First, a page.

Noninvasive modalities of treatment include speech therapy and behavioral therapy. Although speech therapy alone has yielded disappointing results, most physicians refer initially to a speech therapist for assessment prior to instituting more invasive therapy. The goal of speech therapy is to improve jaw stability and closure, to increase tongue mobility, strength, and positioning, and to improve lip closure (especially during swallowing), and to decrease nasal regurgitation during swallowing. In order to obtain good results, therapy must be started early in infancy. Treatment will be of limited value in severely retarded children or those who drool profusely. Behavioral therapy can incorporate cuing, positive reinforcement, and overcorrection or punishment. Behavioral therapy has been reported to be fairly successful in those patients with an adequate level of intelligence, but is labor intensive and regression is common. Dental appliances to control drooling have been tried by a small number of therapists. The appliance is used as a training device in concert with oral-motor therapy. It promotes mandibular stability, lip closure, better tongue position, and swallowing. Few individuals are experienced in their application and exactly which populations would benefit from such devices has not been elucidated. But these devices should be investigated as an alternative noninvasive therapeutic modality for drooling. Drugs used to treat drooling include glycopyrrolate and trihexyphenidyl. Studies have shown 70-90% response rates with glycopyrrolate but with consistently high side effect rates. Approximately 30-35% of families will choose to discontinue glycopyrrolate therapy due to unacceptable side effects. Side effects are anticholinergic in nature and include excessive dry mouth, constipation, urinary retention, decreased sweating and skin flushing, irritability and behavior changes. Efficacy and side effects of trihexyphenidyl are similar to glycopyrrolate. However, use of trihexyphenidyl may be of value in children with rigid or dystonic cerebral palsy because of the potential benefit of tone reduction. Botox® (botulinum toxin type A) has recently been proposed as a potential medical therapy for drooling. Limited trials have been performed with most studies using adult subjects. However Jongerius, et al. report the use of botox injection into bilateral submandibular glands with good results and no side effects. Studies generally report good results with one study reporting recurrent jaw dislocation as a possible side effect of therapy. Radiation therapy has also been used to control drooling in patients with amyotrophic lateral sclerosis. These patients were generally too ill to undergo surgical treatment and had a short remaining lifespan thus eliminating the risk of secondary malignancy from radiation therapy. Xerostomia is a known side effect of radiation. In a recent study by Harriman, et al. a small dose of radiation to the submandibular and sublingual glands was shown to decrease drooling with few side effects and, more importantly, to have a positive effect on the quality of life in these terminally ill patients.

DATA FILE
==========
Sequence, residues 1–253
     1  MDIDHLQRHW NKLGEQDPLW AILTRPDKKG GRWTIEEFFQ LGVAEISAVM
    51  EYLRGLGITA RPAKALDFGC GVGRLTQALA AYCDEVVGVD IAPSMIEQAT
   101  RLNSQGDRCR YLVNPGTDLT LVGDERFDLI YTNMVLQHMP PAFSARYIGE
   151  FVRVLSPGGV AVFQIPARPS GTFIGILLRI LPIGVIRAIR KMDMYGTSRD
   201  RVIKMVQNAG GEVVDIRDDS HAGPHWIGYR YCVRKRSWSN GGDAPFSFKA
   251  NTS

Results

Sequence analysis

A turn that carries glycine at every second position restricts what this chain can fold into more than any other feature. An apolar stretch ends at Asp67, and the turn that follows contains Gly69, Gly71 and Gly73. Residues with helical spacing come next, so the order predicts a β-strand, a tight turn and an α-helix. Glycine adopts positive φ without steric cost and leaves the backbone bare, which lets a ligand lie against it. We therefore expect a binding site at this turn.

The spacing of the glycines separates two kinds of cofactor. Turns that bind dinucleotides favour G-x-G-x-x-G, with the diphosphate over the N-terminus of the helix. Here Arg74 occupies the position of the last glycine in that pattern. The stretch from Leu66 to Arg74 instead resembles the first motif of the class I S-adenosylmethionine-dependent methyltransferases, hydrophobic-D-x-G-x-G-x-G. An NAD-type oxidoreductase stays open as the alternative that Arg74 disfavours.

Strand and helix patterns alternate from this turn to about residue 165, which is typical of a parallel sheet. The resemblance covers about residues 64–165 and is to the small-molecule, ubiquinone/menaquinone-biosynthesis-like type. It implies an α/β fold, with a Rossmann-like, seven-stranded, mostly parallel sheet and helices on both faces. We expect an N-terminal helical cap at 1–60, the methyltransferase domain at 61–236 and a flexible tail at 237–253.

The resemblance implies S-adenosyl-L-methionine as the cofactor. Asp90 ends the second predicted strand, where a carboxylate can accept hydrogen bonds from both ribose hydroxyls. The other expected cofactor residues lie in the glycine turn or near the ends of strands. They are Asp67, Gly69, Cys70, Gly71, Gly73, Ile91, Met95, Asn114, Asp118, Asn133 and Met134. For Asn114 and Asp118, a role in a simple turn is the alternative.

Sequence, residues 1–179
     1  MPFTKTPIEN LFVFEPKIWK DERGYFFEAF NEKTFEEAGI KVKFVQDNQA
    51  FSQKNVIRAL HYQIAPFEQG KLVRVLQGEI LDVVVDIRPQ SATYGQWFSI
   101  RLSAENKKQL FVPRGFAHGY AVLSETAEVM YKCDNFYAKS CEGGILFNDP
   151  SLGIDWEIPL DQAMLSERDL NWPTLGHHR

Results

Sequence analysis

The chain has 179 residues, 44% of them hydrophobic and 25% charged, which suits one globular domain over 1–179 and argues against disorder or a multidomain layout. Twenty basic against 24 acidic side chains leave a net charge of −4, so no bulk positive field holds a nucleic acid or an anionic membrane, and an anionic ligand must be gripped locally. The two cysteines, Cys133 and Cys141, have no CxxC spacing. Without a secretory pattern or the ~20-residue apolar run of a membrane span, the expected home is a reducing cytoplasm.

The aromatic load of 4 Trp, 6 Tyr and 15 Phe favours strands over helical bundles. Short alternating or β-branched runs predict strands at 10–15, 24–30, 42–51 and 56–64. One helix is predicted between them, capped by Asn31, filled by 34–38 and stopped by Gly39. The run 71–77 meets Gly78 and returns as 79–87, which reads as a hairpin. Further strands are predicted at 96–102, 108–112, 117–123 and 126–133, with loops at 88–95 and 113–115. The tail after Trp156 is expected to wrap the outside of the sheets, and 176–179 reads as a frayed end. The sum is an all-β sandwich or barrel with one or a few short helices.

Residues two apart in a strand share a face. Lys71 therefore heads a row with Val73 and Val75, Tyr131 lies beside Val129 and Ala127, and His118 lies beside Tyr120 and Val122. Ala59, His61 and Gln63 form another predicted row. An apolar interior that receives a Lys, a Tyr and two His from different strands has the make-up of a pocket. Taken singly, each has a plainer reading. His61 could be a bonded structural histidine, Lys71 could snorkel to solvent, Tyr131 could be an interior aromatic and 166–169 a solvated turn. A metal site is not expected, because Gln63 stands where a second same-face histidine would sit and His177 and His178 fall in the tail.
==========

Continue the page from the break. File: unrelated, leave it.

A variety of surgical techniques have been proposed as treatments for drooling. These range from duct re-routing procedures, removal of salivary glands, ligation of salivary ducts and various combinations of these procedures. Wilke, a Canadian plastic surgeon, was the first to propose a surgical approach to drooling. He performed parotid duct relocation to the tonsillar fossae to manage drooling in two patients with cerebral palsy. The results of these surgeries were not totally satisfactory and Wilke and Brodie concluded that it was necessary to remove the submandibular glands as these glands are responsible for the bulk of daily salivary output. The success rate of the combined procedure was 85%; however, the procedure was criticized for technical difficulty, external scars, mandatory tonsillectomy, prolonged hospitalization, and significant operative morbidity with swelling and dysphagia. Complications occurred in 35% of patients and included post operative cysts, parotid duct stenosis or fistulas, wound dehiscence, parotid swelling and suppurative parotitis, xerostomia, and increased dental and gingival infections. Parotid duct ligations have been used to treat drooling in many patients. Submandibular duct ligations have been avoided as the submandibular gland saliva is more viscous, alkaline, and contains a higher proportion of calcium and phosphate salts than parotid saliva, predisposing patients to calculi formation. The route of the submandibular gland is also “uphill” which also predisposes to calculi formation. Parotid duct ligation alone is technically easy with minimal morbidity and allows most patients to take liquids during the first postoperative day; however, complications such as low grade fever and parotid swelling during the early postoperative period are not uncommon. This procedure has also been associated with a 50% re-fistulization rate.